I do have a few exciting things happening over the next few months, the first being with Laura Jones who put up a request on Creative Edinburgh‘s Facebook page about her new photography project. She is looking to photograph and capture people in their professional and personal environment, focusing mainly on the person behind the profession – an intimate glimpse that is often hidden. This is part of her ongoing storytelling project work, using digital and film photography, and will form a collection of images online. The reason that I am interested in participating is having a different perspective on the environment where I work and live, how I have adapted into it and seeing myself through Laura’s lens and the visuals she will choose to take and then select as a collection to tell a story. That’s exciting!

Handmade by Machines is an exhibition and symposium to be held in September in Dundee celebrating the use of modern digital technologies integrated with handcraft. Papers for the symposium investigate the integration of modern digital technologies within jewellery and 3D object design. I will be giving a presentation that includes the digital designs and 3D printed work of jewellers who use Anarkik3D Design. I am passionate about supporting people’s creative talent. Creativity should be fun and Anarkik3D Design is enjoyable to use. So this is very exciting for me, seeing how others are using our product, how it has enabled them to access 3D printing and seeing how they integrate these technologies into their work using their jewellery making skills to expand what is possible and add value to raw materials.

In October I run our first Masterclass to be held in London. This is a collaboration with Donna Brennan and will be held in her jewellery studio for up to 10 people. The Masterclass is on designing for 3D printing and for people who have little or no experience of digital designing. Anarkik3D Design is ideal for this 2 day class. Within a very short learning time participants are navigating in the 3 dimensional virtual space. They are actively creating from the start, deforming, slicing, scaling, mirroring, copy, pasting and subtracting objects to construct models to 3D print. Over the years I have designed and had 3D printed a collection of samples for handling, produced by different systems and in various materials. Having this resource is invaluable for getting across the potential of these technologies for enabling designer makers to expand their practice and grow their business.

Last year I ran a workshop in Vienna during Wiener Schmucktage (a festival of jewellery). Later this year, again during this annual festival I hope to be running the workshop for a second time. Just visiting Vienna again for this festival is exciting let alone the fun of meeting new people interested in getting to grips with digital technologies.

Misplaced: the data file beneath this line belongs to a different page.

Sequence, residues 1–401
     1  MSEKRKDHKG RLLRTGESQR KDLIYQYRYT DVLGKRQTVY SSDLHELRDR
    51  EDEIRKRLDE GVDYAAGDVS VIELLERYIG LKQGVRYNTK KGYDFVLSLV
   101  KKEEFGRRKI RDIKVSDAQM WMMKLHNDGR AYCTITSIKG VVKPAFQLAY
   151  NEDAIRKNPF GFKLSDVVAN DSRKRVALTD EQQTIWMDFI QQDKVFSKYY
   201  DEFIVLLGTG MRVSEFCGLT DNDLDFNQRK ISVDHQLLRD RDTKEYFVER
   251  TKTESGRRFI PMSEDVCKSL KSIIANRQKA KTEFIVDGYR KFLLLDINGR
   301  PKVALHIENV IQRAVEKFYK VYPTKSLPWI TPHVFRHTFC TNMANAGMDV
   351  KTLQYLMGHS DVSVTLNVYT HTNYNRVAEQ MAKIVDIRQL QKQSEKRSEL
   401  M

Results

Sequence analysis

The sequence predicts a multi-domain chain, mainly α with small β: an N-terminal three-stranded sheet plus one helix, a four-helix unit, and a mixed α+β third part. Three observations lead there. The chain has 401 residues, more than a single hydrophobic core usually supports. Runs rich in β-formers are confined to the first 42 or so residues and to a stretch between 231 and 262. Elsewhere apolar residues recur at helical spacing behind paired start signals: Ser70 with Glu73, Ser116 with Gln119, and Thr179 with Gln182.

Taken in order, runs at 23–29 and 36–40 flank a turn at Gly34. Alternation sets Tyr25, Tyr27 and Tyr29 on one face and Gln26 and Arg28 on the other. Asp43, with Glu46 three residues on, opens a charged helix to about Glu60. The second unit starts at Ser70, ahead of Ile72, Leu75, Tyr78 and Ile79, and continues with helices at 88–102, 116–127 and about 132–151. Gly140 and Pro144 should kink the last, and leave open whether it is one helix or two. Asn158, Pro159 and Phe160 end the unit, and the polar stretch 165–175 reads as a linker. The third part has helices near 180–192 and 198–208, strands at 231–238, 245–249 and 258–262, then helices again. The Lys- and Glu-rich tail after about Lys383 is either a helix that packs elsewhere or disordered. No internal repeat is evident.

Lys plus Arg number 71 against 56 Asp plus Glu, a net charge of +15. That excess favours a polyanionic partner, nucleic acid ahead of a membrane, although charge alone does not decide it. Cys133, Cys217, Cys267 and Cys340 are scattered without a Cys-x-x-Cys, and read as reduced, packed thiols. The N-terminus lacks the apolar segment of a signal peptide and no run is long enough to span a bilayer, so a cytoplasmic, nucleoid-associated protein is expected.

It has a good legacy for supporting creative people, especially within the crafts which is the field I know best. Edinburgh College of Art graduates are able to join more established designer makers and applied artists to set up in places like the Wasp Studios, Coburg House and others where there is great support, great buzz in affordable working spaces. This maintains, over the years, a vibrant and fresh culture. Also Edinburgh does have excellent galleries and hosts associations like Craft Scotland which promote all Scottish crafts which is good as we do have a tendency to be city centric and to not look out and beyond the City as most of what we need we have here. There are great things happening elsewhere that we should get out and about to support too.


Be passionate about whatever you do but also be realistic and flexible. Collaborate with others, contract out to others the work that they can do better and more efficiently than you could do, being sure that this work is what you do need at this point in time. Network like mad as some of the best contacts and contracts come by word of mouth. Join Creative Edinburgh.


It’s been great seeing how Creative Edinburgh has grown over the years into a valuable facility and hub with a wealth of activities to keep us all connected, informed, supported and inspired. Creative Circles on the first Tuesday of the month is my favourite meet-up as this is a constant monthly event and a way to meet other creatives. I mostly work on my own from my home office so this meet-up is important for hearing what else is going on and what others are getting up to. This helps me to keep an open mind and a healthy perspective on any venture or project I am thinking of doing. And how else would I find other creatives with the skills and knowledge I don’t have but need to grow and promote my business? Besides Creative Circles gets me out of the office!

Follow Ann Marie's Anarkik3D journey via their website here.